As I was driving my daughter Sommer to the airport for her return to college after a long weekend home, she was admiring my new watch. This was the first new timepiece I’d had in at least a decade. I really enjoyed looking at its shiny steel-and-black face, and as I did, I’d think about how this was my favorite watch of all time. Yet I knew in my heart that Sommer would love to wear it, since men’s watches seemed to be the current craze for young women.
As I dropped her off at the curb and assisted her with her luggage, I was prompted to remove the watch and give it to her, even though it was my most prized possession (particularly since I have almost no possessions any longer that I even care about, let alone prize).
Sommer’s response was, “No, Dad, you love this watch!”
I insisted, telling her that I’d feel greater joy by giving it to her and knowing she’d treasure it. I also felt that it would symbolize our staying together in time, even though we’d be thousands of miles apart. She boarded her plane glowing, and I left feeling that I had grown immeasurably as a person, since such a compassionate act would have been very difficult, if not impossible, for me several years ago.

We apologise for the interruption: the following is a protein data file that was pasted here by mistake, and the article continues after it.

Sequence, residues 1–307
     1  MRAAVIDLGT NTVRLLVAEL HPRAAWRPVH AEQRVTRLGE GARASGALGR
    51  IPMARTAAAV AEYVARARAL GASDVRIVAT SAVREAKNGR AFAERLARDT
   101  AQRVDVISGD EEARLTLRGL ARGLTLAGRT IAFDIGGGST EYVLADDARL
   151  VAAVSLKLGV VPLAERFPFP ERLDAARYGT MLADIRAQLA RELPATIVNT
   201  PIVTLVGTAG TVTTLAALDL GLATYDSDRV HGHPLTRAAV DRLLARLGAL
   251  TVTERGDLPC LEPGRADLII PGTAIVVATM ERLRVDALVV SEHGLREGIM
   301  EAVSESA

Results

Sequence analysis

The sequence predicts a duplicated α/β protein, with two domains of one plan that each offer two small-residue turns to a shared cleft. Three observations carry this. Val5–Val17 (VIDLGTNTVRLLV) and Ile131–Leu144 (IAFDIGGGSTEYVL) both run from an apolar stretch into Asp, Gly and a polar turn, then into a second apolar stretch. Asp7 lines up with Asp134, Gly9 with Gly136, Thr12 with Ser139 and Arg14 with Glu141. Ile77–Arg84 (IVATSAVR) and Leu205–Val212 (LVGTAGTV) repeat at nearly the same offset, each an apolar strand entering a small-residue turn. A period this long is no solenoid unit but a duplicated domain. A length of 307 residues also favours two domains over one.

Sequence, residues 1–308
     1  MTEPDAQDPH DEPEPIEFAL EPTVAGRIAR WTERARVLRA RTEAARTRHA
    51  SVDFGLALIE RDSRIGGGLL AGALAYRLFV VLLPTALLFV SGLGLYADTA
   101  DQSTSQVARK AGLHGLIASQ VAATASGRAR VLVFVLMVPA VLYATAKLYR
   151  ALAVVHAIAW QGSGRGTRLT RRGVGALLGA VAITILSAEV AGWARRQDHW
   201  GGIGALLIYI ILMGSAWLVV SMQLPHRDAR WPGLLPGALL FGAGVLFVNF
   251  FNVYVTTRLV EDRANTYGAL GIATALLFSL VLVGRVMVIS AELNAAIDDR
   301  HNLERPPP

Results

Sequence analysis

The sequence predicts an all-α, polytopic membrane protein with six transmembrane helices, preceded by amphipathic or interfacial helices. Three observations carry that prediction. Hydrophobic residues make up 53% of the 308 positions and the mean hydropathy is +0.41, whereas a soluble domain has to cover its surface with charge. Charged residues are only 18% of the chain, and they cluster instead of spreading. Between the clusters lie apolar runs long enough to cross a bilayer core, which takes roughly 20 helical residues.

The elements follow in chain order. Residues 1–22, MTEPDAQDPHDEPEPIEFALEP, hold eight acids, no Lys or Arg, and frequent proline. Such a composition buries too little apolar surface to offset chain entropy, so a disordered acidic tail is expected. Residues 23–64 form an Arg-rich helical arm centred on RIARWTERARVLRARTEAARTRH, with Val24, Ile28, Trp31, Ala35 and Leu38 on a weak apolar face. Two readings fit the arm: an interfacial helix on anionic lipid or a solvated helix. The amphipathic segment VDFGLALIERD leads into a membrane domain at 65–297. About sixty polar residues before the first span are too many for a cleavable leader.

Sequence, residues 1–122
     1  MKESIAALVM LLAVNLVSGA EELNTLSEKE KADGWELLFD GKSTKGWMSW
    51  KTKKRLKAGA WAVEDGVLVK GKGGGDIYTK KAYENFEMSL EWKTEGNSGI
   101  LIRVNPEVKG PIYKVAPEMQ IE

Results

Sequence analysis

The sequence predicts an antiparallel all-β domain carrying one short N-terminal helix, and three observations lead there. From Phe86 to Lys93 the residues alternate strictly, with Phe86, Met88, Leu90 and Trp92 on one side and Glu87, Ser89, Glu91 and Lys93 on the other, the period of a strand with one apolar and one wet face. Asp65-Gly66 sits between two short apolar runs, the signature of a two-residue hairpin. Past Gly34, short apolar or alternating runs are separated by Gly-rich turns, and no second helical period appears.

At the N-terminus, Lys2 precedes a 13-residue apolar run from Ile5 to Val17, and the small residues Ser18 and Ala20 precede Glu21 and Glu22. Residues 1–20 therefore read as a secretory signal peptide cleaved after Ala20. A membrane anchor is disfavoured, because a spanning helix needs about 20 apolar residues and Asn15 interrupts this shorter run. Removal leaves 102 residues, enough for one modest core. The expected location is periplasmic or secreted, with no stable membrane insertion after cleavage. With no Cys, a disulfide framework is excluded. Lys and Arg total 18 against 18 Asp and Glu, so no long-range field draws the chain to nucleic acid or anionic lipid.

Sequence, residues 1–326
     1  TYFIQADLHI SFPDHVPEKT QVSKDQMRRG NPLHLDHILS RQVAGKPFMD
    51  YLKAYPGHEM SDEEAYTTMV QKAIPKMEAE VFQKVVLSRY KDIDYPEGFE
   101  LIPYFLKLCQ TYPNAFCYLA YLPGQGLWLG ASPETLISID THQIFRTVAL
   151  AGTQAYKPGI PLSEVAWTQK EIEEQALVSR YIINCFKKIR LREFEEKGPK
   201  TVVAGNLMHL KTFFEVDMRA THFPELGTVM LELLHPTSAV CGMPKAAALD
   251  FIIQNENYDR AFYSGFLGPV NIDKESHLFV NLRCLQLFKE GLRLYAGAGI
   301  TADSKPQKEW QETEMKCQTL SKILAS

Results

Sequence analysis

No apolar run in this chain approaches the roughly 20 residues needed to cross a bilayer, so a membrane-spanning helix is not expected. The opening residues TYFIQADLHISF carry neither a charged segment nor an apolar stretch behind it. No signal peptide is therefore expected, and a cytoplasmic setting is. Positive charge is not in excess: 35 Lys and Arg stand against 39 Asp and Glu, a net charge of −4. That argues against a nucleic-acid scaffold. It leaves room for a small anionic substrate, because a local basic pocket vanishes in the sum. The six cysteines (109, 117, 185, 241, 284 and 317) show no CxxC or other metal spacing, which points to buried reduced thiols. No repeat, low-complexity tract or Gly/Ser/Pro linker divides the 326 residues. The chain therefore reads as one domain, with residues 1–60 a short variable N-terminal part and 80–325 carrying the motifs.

Sommer called me in Maui a few months later to tell me that she was sending me a present, stressing that it was a very, very special gift. It turned out to be her all-time favorite painting that she’d created and had hung in her apartment for a long time. As she told me later: “I really learned something the day you gave me your beloved watch, and I wanted to give you something that’s my single most precious item. I’m giving it to you, Dad, even though it’s difficult to part with, because I want you to have a piece of me that I love with you.”
The painting hangs proudly on my wall as a symbol of the beauty and perfection of reaching out compassionately in response to a felt moment. By being and living compassion, you invite and encourage others, just by your example, to choose to do the same.